So Many Dynamos’ first full-length album, When I Explode, was a gem of savvy pop, hidden in the guise of dueling guitars, thumping drums and chaotic arrangements. Flashlights is the same, but better.

Plagued with Dismemberment Plan comparisons for the past 40,000 years, Dynamos have yet to receive the critical acclaim they readily deserve – except for a very nice 7.8 provided by Pitchfork Media. Kudos. Yeah, I mean, so what if they're nerds, they write great songs.

Energetic as always, Flashlights expands on the standard Dynamos sound to incorporate horns, piano, large choral arrangements, and even a banjo.

Stepping into his own, Stovall is finding his voice. It's hard to be witty and not sound like an ass, lucky for us, Stovall has been able to crack the formula. Spinning line on top of line and laced with innuendo, there's never a dull moment. Not to mention that the guitars slay -- Wabash admitted to his attempts at ripping off Cinemechanica, which is not entirely true, Dynamos' riffs have always been killer, and dare I say, dynamic.

"In Every Direction" is my favorite beast off the disc. I am particularly fond of the line "Planes and trains and Auto-tuners" and the "Let me see that thong" melody line behind the chorus. This is by no means the catchiest song off Flashlights, which is saying something, but it definitely rocks.

MySpace Page
(Ian Anderson)

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Thursday, February 15, 2007

On the wings of a dream...

So I'm working on this uber-serious review of the new Bloc Party album, A Weekend in the City, but a friend of mine showed me this video, and nothing matters anymore. Prepare yourself for an onslaught of EXTREME POWER METAL from DRAGONFORCE, London's most gargantuan, colossal, immense, overpowering, mammoth, monumental, towering, titanic, titilatingly epic band.

Wednesday, February 14, 2007

New Arcade Fire Track

Download: The Arcade Fire - "Antichrist Television Blues"

I got this in the mail today and was completely refreshed to discover that at least one band is still making good music. Plus, it makes reference to my favorite lullaby. Yey Arcade Fire!

(Ian Anderson)

Fall Out Boy Is Totally Lame

Fall Out Boy
Infinity On High (Island)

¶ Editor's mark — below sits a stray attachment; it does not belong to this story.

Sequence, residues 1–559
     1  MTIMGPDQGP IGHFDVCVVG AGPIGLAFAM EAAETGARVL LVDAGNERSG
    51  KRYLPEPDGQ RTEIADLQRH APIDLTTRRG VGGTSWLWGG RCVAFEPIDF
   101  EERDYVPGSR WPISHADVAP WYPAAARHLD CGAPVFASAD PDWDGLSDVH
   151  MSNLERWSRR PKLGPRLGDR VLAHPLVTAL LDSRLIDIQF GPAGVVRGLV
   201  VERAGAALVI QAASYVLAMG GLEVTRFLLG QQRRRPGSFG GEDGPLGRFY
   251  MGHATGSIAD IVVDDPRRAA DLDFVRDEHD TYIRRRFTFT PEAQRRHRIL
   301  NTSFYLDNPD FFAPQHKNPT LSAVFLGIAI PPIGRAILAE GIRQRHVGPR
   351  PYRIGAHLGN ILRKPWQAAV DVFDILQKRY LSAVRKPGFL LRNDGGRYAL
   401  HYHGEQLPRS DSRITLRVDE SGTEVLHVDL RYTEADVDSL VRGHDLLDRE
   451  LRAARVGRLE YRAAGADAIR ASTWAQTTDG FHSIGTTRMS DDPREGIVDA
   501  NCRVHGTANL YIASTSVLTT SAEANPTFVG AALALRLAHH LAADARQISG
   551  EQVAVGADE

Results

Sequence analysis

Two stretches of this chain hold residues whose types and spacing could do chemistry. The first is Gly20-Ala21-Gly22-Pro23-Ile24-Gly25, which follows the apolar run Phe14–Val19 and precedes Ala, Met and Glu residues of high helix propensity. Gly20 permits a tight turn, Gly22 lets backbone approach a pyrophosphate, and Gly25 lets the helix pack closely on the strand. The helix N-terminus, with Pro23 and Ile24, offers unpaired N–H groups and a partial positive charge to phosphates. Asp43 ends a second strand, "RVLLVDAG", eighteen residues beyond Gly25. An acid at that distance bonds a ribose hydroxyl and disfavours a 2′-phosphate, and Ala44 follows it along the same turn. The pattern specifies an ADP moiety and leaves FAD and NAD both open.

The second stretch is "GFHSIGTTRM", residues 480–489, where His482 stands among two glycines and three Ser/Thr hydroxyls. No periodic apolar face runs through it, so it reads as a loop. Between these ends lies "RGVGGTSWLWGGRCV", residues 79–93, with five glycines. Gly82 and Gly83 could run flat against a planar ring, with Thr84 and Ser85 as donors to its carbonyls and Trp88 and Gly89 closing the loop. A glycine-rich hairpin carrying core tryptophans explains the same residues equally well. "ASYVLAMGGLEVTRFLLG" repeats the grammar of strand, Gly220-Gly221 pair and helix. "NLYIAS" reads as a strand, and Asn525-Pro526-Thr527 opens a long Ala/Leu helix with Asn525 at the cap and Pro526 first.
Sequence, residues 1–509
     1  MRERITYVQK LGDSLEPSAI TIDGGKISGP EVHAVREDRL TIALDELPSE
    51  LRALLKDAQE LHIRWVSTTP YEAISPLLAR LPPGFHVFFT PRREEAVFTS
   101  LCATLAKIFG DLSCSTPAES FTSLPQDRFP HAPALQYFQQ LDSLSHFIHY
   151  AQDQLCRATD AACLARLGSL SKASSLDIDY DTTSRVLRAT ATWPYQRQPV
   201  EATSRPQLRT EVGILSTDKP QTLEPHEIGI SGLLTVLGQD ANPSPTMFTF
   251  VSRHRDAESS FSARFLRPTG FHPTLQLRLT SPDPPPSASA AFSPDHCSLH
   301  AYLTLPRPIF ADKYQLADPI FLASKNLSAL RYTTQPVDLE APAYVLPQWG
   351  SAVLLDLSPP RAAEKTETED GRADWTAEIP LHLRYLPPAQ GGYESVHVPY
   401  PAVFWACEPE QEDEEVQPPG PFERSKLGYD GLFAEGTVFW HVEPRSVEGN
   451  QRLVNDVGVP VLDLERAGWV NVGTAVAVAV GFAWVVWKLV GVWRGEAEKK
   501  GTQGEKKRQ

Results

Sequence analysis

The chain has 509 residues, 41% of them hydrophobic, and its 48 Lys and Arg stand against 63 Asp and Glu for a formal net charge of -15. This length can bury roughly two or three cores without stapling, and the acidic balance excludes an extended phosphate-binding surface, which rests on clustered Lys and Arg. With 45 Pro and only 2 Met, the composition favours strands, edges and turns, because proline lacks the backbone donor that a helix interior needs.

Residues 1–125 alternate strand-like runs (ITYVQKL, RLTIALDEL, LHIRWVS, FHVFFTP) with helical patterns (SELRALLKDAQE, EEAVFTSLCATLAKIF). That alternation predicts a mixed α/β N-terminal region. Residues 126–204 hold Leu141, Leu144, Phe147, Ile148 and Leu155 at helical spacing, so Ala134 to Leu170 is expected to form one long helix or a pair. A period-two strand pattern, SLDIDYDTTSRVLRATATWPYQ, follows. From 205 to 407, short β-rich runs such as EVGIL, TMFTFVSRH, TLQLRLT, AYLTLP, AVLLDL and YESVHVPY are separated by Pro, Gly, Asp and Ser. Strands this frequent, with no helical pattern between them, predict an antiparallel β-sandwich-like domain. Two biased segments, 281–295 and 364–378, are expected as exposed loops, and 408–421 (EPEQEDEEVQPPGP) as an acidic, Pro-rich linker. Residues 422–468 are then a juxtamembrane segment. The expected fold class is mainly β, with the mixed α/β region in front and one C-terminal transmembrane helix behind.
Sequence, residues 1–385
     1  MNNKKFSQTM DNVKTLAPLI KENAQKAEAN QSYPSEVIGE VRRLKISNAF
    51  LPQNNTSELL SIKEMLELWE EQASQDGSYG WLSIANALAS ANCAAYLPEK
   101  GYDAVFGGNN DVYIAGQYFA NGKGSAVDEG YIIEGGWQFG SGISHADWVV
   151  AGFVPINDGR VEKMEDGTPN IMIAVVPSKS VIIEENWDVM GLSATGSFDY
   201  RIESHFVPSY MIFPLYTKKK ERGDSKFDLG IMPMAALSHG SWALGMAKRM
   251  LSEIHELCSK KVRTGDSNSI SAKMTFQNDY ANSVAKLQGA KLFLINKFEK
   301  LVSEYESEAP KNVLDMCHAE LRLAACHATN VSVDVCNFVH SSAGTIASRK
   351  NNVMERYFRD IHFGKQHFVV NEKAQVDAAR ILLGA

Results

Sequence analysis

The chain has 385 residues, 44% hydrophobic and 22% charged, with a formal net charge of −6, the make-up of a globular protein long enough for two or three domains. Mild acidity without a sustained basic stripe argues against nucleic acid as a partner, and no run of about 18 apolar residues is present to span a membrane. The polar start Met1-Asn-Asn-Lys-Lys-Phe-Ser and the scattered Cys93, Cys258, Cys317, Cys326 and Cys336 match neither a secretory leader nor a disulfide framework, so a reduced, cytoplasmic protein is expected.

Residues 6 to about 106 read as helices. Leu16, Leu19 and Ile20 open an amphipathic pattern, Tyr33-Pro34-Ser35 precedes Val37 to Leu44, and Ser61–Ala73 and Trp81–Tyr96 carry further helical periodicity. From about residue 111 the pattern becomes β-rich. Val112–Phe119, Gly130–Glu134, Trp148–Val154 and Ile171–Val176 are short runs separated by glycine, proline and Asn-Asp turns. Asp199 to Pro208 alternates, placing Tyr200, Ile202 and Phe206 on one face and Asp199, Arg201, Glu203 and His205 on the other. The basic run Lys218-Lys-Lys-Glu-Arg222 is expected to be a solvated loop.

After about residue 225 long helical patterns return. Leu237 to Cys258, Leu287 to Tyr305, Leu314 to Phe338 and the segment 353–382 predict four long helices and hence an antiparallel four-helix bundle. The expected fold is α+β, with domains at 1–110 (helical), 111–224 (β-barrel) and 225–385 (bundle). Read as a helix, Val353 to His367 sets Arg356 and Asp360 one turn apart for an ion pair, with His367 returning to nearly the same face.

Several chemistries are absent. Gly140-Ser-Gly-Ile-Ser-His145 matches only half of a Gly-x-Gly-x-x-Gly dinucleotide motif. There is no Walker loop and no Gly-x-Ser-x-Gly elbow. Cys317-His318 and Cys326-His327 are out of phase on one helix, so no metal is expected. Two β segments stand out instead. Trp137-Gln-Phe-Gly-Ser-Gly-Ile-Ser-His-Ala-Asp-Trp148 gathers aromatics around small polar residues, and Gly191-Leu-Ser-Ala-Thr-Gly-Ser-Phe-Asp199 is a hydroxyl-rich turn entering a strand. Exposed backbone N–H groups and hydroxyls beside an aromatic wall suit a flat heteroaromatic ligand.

Grade: D

Fall Out Boy - "Thnks fr th Mmrs"
My Chemical Romance - "The Sharpest Lives"

As you all know, I love the pop-punk music. Always have, always will; it's just the way I'm made. All my friends hide their faces in their hands whenever this fact comes up in conversation, they claim to wonder how I have yet been unable to leave the lame TRL-annointed genre behind. The answer: I love the hooks.

Personal City Pages-esque digression aside, this means that I pick up a copy of every major pop-punk release, and last week's Fall Out Boy record was next on my list.

Unfortunately, it turns out that Fall Out Boy's new record Infinity On High sucks complete ass. Apparently, they've lost all that was good (in the pop-punk sense) and green about them and replaced that void with the worst aspects Maroon 5 and best aspects of My Chemical Romance. Seriously, what were producer Neal Avron and FOB thinking? Granted, Jay-Z makes a special guest appearance on the lead track "Thriller," which is definitely cool because Jay-Z owns, but there are 1.5 good songs on the album, "This Ain't A Scene It's An Arms Race" is by far the best.

"Golden," the soft piano jam avec strings is one of the worst songs I've heard, check out this lyric: "Tongues on the sockets of electric dreams when the sewage of youth drowned the spark of my teens," it sounds like they ripped it off from "My Lady 'L,'" the song written by that tall guy from "Freaks and Geeks" for Lindsay Wier.

However, the true kicker is "Thnks fr the Mmrs" ("Thanks for the Memories" for those who appreciate vowels), which appears to be thrown in after the band realized My Chemical Romance's Black Parade totally kicked ass and sold records. With a near identical verse, chord progession and mood as My Chemical Romance's "The Sharp Lives," which is actually a killer song, I haven't heard as big of a rip off as this since Green Day's "American Idiot" ripping off Dillinger Four.

Here are the two songs next to each other. Specifically, listen to the first 30 seconds of each song right after the other and be shocked.

(Ian Anderson)

Tuesday, February 13, 2007

Menomena, Friend and Foe

Friend and Foe (Barsuk)
Grade: C

Download: Menomena - "Wet and Rusting"

Menomena's Friend and Foe is the most overrated record of the year. The odd thing about this record is that, while all of the songs on Friend and Foe have different stylistic foundations, every single melody on the record sound the same. They all have the same sort of siren-sounding, singsongy quality of children’s songs like “Ring around the Rosy.”

Normally, this wouldn’t bother me, as everyone likes singing along to singsongy melodies. But when you hear this type of melody in literally every song, it gets really annoying, really quickly.

The main reason, however, why this record is overrated is because once you get past the admittedly cool way that Menomena layers their sound and the way that their record is produced, you’ll find that Friend and Foe is just a sonic pastiche of better, more interesting bands. Essentially, Menomena sound like a blue-eyed soul version of TV on the Radio.